Mr. DE CASTRO. That has been done.
Senator ALLOTT. And it has already been done in part, but there is still room for much greater development. Now, with respect to the labor situation, do you know what is the total labor force on the Island of St. Thomas, exclusive of taxicab drivers? Taxis seem to be one of the main businesses. Mr. DE CASTRO. In number?
Senator Alkort. In number, yes. If you don't know, don't guess at it.
Mr. DE CASTRO. I don't know exactly. I would say about four or five thousand people, roughly.
Senator ALLOTT. Isn't it a fact that a major portion of the labor force of St. Thomas comes not from St. Thomas, but all from the British Tortugas and the Antiguas and from the adjacent islands?
Mr. DE CASTRO. It is not a fact that the major portion of the labor force of St. Thomas comes from the British islands.
Senator ALLOTT. You say it is not a fact?
Senator ALLOTT. Have you ever discussed this with the immigration authorities there?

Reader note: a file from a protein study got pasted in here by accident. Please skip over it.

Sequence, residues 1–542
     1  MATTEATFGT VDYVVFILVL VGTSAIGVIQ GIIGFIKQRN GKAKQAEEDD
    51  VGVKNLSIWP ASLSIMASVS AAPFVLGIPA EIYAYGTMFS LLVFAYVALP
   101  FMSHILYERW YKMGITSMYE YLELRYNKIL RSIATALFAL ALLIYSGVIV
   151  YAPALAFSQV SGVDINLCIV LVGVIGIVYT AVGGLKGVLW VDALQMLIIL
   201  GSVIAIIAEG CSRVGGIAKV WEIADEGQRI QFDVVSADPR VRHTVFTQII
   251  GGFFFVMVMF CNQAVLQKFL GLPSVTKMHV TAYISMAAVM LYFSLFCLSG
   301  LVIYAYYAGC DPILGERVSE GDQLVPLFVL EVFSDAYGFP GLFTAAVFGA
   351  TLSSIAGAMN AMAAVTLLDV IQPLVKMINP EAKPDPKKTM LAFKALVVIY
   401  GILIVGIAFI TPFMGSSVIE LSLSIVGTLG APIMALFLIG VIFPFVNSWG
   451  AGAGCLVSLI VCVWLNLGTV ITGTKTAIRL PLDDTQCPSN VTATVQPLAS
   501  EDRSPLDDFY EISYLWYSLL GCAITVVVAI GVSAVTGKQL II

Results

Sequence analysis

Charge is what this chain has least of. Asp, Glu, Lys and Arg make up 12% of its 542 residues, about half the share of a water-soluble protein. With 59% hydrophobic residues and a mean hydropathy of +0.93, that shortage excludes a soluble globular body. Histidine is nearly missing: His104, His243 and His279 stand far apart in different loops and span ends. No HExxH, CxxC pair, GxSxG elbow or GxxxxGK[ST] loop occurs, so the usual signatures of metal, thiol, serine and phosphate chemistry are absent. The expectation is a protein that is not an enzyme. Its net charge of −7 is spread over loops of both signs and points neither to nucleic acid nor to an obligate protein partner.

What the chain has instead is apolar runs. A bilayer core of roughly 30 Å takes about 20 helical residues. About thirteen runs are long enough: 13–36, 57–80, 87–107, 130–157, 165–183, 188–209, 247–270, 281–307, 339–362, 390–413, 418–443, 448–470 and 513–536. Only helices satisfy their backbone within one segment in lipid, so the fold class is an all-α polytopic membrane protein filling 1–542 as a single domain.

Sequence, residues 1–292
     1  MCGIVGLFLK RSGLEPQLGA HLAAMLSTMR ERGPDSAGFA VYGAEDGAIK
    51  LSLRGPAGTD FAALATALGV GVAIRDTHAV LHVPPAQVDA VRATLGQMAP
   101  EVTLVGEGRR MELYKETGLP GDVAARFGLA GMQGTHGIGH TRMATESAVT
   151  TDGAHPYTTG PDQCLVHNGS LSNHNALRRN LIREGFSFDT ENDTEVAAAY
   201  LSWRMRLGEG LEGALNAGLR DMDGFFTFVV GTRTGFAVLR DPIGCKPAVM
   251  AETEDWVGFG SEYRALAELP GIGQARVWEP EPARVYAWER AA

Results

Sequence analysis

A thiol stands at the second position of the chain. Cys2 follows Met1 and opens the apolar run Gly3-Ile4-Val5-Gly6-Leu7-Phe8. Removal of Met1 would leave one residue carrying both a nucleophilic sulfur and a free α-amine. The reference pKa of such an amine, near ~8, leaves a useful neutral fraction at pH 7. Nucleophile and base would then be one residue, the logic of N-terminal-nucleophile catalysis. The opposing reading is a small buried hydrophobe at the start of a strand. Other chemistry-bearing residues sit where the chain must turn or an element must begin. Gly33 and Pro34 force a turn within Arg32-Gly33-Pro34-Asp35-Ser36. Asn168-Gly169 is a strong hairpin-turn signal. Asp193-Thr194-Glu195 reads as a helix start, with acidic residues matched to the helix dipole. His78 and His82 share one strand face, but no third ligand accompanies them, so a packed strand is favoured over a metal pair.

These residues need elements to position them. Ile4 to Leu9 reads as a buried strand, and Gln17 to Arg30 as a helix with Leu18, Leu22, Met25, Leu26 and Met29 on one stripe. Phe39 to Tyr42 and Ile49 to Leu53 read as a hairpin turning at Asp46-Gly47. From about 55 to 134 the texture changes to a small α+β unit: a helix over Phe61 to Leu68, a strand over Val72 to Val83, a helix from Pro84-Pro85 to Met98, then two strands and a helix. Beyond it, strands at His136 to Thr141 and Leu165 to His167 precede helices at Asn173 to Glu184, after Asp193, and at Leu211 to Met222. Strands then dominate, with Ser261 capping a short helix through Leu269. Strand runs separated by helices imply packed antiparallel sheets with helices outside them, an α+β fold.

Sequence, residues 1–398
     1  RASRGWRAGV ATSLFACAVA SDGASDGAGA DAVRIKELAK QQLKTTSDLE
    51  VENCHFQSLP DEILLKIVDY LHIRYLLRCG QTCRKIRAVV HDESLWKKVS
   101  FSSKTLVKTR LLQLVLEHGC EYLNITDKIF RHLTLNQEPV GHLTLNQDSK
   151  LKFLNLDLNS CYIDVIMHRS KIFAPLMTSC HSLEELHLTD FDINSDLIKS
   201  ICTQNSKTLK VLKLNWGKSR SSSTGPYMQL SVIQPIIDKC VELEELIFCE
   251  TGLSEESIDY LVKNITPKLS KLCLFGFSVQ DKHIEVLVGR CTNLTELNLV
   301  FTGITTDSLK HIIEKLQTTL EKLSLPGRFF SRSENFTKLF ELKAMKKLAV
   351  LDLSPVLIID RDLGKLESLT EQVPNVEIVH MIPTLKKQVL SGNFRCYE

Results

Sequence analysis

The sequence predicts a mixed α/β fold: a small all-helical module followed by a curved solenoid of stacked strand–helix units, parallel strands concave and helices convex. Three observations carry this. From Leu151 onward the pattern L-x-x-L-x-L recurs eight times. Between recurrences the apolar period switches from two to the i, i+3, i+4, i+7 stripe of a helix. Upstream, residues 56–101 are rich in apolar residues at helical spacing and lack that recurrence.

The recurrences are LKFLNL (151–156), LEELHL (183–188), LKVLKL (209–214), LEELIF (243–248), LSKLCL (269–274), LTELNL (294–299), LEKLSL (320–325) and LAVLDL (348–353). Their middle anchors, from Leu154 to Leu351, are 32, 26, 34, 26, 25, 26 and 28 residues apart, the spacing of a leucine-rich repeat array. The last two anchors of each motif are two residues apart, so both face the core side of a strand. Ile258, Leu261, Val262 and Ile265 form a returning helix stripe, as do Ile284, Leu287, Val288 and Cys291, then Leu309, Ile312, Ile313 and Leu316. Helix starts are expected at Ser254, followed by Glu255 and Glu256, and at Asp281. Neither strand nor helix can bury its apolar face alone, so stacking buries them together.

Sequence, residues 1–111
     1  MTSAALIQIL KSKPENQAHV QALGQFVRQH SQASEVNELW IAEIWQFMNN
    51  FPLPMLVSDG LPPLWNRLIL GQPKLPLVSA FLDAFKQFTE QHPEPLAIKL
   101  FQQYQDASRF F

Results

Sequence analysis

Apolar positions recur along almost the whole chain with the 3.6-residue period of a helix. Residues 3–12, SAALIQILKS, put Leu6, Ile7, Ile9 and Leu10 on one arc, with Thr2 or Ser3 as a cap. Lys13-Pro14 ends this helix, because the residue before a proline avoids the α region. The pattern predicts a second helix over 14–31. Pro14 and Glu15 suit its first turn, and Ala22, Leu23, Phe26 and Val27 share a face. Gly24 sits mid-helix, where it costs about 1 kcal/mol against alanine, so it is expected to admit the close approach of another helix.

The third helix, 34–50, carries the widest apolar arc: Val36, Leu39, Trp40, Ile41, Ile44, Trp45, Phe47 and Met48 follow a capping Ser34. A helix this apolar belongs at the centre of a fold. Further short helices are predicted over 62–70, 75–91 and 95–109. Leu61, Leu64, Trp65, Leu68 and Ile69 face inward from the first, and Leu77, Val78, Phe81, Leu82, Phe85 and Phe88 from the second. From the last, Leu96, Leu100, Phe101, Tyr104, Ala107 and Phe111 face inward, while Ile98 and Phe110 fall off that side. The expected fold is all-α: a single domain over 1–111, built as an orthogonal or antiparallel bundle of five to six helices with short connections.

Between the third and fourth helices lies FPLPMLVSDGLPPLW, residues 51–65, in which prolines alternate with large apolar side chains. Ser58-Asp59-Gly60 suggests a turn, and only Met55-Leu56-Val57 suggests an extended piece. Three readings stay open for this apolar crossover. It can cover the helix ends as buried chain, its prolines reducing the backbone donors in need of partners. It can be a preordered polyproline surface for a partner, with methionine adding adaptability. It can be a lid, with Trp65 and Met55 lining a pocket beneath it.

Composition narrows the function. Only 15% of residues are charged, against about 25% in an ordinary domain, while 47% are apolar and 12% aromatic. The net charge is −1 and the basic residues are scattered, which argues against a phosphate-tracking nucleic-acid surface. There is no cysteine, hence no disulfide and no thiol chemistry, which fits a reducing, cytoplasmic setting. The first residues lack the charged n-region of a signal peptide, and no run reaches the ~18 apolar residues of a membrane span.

Mr. DE CASTRO. I have been a part of the discussion with them. I have joined with the employment service in the discussion of admissions. I think the total number of workers admitted to the Virgin Islands from time to time by the employment service and the immigration service would be in the neighborhood of a thousand or a little over, and that includes St. Croix and St. Thomas, with the exception of the labor imported by the Virgin Islands Corp. on a seasonal basis for sugar.
Senator ALLOTT. We will leave those out.
Mr. DE CASTRO. Yes, we will have to because that is another question.
Senator ALLOTT. I only want to interject this remark, Governor, and I am sure that your answers were given honestly, but the information I have had given to me is quite contrary to the statement you have just made and, as a matter of fact, one of the main troubles is that they are not able to get the local citizens to work, that a lot of them are on relief, and other things. How does our relief load there compare with the relief load in the United States ?
Mr. DE CASTRO. Senator, could I mention something about what you said a minute ago?
Senator ALLOTT. Yes,